“Lesson 146: 2 Peter 1,” New Testament Seminary Teacher Manual (2016)
“Lesson 146,” New Testament Seminary Teacher Manual
2 Peter 1
Peter encouraged the Saints to seek to become like Jesus Christ. Peter assured them that this spiritual growth could help make their “calling and election sure” (2 Peter 1:10). Peter also spoke of his experience on the Mount of Transfiguration and emphasized that scripture is inspired by God.
Suggestions for Teaching
2 Peter 1:1–11
Peter teaches how to partake of the divine nature of Jesus Christ
Before class begins, write the following statement on the board (“The Will Within,” Ensign, May 1987, 68):
Divide students into pairs. Invite them to read the statement on the board and discuss the following questions with their partners:
What do you think President Monson meant by becoming “our best selves”?
Why do you think it is important to become our best selves?
What can prevent us from becoming our best selves?
Invite students to look for a truth as they study 2 Peter 1 that can help them know how they can become their best selves.
Summarize 2 Peter 1:1–2 by explaining that Peter wrote to Church members who had obtained faith in Jesus Christ.
Invite a student to read 2 Peter 1:3–4 aloud. Ask the class to follow along, looking for what Peter taught to help the Saints stay true to their testimonies of the Savior.
According to these verses, what did Peter teach the Saints?
What does it mean to “be partakers of the divine nature”? (verse 4).
Invite students to read 2 Peter 1:5–7 silently, looking for attributes of Jesus Christ that Peter invited the Saints to develop. Ask students to list on the board the attributes they find. Consider inviting students to locate in a dictionary the definitions of any of these attributes that they would like to better understand.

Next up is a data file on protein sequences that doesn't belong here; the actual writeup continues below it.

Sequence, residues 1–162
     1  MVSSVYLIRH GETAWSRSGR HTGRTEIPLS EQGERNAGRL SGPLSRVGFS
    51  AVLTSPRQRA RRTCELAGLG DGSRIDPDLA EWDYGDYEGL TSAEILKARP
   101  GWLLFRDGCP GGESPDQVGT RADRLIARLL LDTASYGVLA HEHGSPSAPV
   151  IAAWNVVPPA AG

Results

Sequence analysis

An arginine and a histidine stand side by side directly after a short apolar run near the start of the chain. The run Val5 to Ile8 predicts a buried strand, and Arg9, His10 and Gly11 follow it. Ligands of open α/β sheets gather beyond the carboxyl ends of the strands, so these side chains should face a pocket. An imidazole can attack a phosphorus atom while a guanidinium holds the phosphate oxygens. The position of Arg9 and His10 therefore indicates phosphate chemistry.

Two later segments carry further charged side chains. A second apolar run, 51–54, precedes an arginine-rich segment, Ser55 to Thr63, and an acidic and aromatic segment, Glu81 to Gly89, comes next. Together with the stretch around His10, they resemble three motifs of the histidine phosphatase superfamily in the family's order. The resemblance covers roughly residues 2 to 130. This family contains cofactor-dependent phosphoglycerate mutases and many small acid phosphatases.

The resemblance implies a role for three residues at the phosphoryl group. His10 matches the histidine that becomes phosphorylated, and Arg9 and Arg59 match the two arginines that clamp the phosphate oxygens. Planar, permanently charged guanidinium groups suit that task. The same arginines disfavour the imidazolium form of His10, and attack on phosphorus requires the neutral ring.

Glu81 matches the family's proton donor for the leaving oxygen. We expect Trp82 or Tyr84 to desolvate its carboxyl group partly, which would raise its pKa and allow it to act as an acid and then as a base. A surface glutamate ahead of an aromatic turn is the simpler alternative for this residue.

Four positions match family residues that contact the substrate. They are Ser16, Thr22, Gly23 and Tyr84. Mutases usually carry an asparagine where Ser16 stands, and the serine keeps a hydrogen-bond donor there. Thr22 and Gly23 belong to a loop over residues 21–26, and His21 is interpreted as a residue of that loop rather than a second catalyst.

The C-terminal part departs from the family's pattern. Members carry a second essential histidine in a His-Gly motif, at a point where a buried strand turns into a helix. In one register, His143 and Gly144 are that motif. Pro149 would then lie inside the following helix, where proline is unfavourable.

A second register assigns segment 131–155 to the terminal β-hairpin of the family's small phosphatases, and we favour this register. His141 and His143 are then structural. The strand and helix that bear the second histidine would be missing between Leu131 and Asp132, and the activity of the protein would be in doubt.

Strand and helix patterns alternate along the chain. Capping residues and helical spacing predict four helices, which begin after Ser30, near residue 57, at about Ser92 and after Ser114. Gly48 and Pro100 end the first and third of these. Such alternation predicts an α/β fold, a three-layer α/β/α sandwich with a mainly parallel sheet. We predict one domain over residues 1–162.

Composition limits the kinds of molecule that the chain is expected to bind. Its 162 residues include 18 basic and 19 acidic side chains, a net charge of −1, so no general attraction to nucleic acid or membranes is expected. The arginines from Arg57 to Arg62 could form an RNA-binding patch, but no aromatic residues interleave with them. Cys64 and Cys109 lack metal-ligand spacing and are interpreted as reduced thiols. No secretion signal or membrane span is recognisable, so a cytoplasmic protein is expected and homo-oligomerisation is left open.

Invite students to think about examples of when the Savior demonstrated one of these divine attributes. Ask several students to report their thoughts to the class.
Write the following incomplete principle on the board: As we develop divine attributes within ourselves, we can …
Ask a student to read 2 Peter 1:8–9 aloud. Invite the class to follow along, looking for a blessing we can receive as we develop the divine attributes of the Savior.
What blessing can we receive as we develop divine attributes? (After students respond, complete the statement on the board so that it reads as follows: As we develop divine attributes within ourselves, we can come to know Jesus Christ.)
Why do you think developing divine attributes helps us come to know Jesus Christ?
Invite a student to read 2 Peter 1:10–11 aloud. Ask the class to follow along, looking for another blessing that can come to those who are diligent in developing divine attributes.
What blessing can come to those who are diligent in developing the divine attributes of Jesus Christ? (Explain that the phrase “to make your calling and election sure” [verse 10] means to receive in this life God’s assurance that you will obtain eternal life. Peter also referred to this as “a more sure word of prophecy” [2 Peter 1:19. See also D&C 131:5].)
What principle can we learn from these verses about why we should be diligent in developing our divine potential? (Students should identify the following principle: If we are diligent in developing our divine potential while in this life, we can receive God’s assurance of eternal life. Write this principle on the board.)
Consider sharing your testimony that developing divine attributes helps us come to know Jesus Christ and prepares us to receive eternal life.